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Understanding the mechanisms of ultrasound and microbubble mediated targeted drug delivery


About This PhD Project

Project Description

PhD studentship: University of Strathclyde Student Excellence Award

Understanding the mechanisms of ultrasound and microbubble mediated targeted drug delivery

A fully-funded PhD studentship is offered in the Department of Biomedical Engineering to work on an exciting interdisciplinary project aimed at improving the targeted treatment of cancer using ultrasound.

Opens: 7th February 2020

Deadline: 28th February 2020

Duration: 36 months.

Funding: This project is fully-funded for a UK home or EU student. Funding covers fees and stipend offered at current RCUK rates for the 36 month duration of the project.

Number of places: 1 space available

Eligibility: The ideal candidate will have an undergraduate or Masters level degree (or equivalent) in a relevant subject such as biomedical / mechanical engineering or physics.

Study modes eligibility: Full time

Fee status: UK home or EU student

Supervisor:
Dr Helen Mulvana https://www.strath.ac.uk/staff/mulvanahelen_elizabethdr/
Dr Joseph Jackson https://www.strath.ac.uk/staff/jacksonjosephdr/

Further information:
Interest in microbubbles, tiny bubbles of gas that can travel safely around the circulation alongside red blood cells, has grown over recent years as they have been demonstrated as a means of targeting the delivery of cancer drugs. When microbubbles are exposed to ultrasound using a standard clinical imaging system they are forced to expand and contract causing them to push and pull on nearby tissues and generate bio-effects that can enhance drug uptake. At the same time, these microbubbles scatter sound so that the signals returning to the ultrasound scanner can be differentiated from those that come from the surrounding tissues.
Recent clinical trials have demonstrated the use of ultrasound driven microbubbles to target drug delivery in patients, but an incomplete understanding of the underpinning mechanisms has meant that delivery efficiencies have remained low. One particular challenge is the difficulty with which ultrasound driven microbubbles can be studied effectively in vivo. To overcome this, we are developing laboratory-based microvessel flow systems modelled on real tissue for controlled investigation of ultrasound driven microbubbles. Our goal is to use these systems to better understand how microbubbles can be exploited in drug delivery.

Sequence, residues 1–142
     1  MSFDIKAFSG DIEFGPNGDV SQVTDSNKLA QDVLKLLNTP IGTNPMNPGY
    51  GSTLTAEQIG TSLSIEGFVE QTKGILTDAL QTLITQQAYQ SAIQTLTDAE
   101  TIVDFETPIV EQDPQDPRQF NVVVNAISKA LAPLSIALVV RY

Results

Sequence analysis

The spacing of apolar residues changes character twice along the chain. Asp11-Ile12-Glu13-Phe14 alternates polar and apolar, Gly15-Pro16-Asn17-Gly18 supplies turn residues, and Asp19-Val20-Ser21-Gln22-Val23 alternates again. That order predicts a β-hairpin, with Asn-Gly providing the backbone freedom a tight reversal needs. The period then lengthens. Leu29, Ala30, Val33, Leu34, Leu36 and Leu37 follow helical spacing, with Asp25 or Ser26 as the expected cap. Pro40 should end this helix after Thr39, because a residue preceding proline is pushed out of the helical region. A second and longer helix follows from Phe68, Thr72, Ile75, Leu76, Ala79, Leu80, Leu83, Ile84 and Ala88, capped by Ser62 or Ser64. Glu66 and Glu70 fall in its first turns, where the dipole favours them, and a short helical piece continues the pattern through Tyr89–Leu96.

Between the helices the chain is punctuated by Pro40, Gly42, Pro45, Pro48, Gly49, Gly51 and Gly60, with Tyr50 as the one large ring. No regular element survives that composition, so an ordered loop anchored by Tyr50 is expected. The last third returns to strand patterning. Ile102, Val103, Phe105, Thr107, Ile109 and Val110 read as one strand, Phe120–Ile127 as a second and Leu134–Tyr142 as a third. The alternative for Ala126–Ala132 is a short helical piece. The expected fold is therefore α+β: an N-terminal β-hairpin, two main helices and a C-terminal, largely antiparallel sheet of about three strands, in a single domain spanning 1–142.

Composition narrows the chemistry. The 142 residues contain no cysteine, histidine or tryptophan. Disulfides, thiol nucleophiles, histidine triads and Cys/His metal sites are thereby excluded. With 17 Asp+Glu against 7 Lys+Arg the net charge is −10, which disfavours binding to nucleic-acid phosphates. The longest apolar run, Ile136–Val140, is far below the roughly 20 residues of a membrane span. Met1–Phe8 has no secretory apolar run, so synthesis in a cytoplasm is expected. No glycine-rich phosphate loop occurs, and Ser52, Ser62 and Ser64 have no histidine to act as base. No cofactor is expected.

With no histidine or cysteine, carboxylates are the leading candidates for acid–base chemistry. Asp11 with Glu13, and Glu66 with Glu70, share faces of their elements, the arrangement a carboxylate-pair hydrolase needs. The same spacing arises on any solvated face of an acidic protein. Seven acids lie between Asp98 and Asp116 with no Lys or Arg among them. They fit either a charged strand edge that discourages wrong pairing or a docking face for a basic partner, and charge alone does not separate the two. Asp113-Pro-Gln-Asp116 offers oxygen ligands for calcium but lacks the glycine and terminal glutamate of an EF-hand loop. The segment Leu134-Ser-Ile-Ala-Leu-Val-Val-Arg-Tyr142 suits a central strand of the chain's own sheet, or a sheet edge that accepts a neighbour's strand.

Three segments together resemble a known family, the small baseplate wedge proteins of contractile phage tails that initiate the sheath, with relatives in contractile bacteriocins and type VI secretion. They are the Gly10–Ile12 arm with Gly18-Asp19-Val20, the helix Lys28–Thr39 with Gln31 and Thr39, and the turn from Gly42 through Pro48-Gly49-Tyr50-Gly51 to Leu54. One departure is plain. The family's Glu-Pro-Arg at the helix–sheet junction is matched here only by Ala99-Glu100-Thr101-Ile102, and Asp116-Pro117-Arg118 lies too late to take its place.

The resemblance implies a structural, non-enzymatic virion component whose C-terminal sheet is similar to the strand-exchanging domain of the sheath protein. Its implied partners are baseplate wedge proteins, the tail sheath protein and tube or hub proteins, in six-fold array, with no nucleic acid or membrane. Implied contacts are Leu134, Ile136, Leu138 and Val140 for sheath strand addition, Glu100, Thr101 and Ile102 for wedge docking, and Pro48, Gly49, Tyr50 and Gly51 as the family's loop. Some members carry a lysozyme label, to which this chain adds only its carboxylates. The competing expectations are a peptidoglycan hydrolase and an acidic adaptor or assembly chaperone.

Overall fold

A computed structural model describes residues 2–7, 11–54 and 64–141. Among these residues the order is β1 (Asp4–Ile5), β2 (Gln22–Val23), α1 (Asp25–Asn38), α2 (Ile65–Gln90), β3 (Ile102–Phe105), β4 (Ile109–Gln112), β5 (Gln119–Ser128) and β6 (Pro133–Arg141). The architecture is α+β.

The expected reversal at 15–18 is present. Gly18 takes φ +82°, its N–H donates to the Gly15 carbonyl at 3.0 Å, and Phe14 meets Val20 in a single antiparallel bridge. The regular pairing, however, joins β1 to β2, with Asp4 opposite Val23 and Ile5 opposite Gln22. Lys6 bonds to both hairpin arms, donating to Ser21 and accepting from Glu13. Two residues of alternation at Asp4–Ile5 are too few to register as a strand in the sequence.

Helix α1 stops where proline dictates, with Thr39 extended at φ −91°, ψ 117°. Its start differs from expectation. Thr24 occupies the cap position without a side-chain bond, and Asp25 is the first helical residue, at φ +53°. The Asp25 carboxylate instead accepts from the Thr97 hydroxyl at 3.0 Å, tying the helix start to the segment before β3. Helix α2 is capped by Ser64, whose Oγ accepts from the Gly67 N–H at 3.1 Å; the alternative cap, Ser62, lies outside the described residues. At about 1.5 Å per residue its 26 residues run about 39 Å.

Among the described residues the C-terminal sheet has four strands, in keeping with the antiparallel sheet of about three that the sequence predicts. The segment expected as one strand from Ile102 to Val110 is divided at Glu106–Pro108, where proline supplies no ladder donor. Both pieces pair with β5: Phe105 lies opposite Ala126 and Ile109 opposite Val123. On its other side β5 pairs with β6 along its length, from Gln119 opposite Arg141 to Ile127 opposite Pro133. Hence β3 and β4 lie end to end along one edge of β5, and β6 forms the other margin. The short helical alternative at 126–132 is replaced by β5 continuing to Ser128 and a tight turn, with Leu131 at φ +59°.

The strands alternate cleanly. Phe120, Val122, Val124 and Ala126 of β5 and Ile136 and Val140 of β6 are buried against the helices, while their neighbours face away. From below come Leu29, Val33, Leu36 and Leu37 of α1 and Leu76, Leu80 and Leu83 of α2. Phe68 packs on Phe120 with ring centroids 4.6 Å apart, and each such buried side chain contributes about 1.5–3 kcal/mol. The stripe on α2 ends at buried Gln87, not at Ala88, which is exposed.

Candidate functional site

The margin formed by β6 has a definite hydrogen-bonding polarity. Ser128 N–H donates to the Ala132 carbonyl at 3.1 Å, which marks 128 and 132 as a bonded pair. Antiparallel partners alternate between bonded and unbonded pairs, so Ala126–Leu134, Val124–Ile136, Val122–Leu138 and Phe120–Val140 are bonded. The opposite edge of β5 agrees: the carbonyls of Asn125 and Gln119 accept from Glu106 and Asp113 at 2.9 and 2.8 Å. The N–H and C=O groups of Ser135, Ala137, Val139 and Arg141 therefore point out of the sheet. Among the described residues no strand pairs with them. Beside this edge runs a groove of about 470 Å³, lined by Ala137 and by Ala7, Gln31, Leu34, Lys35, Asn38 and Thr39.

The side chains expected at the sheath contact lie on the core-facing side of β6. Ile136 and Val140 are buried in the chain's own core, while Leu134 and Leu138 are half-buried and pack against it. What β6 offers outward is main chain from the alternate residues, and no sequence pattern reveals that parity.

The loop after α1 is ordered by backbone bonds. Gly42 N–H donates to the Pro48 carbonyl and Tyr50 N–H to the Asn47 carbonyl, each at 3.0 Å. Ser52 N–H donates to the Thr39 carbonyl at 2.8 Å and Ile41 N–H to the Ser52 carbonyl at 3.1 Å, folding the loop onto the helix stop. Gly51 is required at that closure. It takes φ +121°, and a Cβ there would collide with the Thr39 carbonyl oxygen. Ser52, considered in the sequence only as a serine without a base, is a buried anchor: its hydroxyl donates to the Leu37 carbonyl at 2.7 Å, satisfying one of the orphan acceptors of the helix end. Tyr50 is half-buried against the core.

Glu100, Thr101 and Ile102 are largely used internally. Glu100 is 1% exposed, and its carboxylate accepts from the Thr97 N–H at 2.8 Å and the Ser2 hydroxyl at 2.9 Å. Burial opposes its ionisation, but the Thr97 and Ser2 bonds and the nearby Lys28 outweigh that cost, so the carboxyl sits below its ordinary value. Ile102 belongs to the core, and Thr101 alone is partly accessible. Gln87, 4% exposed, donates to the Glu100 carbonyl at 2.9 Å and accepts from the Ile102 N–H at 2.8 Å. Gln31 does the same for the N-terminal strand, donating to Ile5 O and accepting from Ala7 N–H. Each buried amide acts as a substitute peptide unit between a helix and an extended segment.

Supported by an interdisciplinary team of clinicians and biomedical engineers, the primary aim of this project is to build a comprehensive understanding of how the microvasculature influences the radial oscillation of microbubbles and the sound they scatter. As such there are several directions available to the student who embarks on this project including experimental investigation of microbubbles in artificial blood vessels and/or modelling the way in which microbubbles interact with tissues and sound. The project will be shaped by the interests of the student and supervisory team but is likely to involve some or all of the following techniques: 3D printing, microCT scanning, 3D visualisation, ultrasound experimentation on biological systems and multiphysics modelling.
References:
1) Roger Domingo-Roca et al., ‘Rapid prototyped microvessel flow phantom for controlled investigation of ultrasound-mediated targeted drug delivery’, 2019 IEEE International Ultrasonics Symposium (IUS), 6-9th October 2019, Glasgow. DOI: 10.1109/ULTSYM.2019.8925741
2) Sonya Frazier et al., ‘Ultrasound and microbubble gene delivery for targeting altered placental microRNAs in preeclampsia’, Placenta, vol. 83, pp. e56-e57, 2019.
3) Elisabetta Sassaroli, Kullervo Hynynen, ‘Resonance frequency of microbubbles in small blood vessels: a numerical study’, Physics in Medicine and Biology vol. 50, pp. 5293, 2005. DOI: 10.1088/0031-9155/50/22/006
4) Helen Mulvana et al., ‘Characterisation of contrast agent microbubbles for ultrasound imaging and therapy research’, Ultrasonics, Ferroelectrics and Frequency Control, Special Issue on Methods and Protocols in Biomedical Ultrasonics, 2017. DOI: 10.1109/TUFFC.2016.2613991

For further information, please see

https://tinyurl.com/vwddfmg

https://www.strath.ac.uk/engineering/biomedicalengineering/

How to apply: Please email if you would like to apply for this studentship.


References


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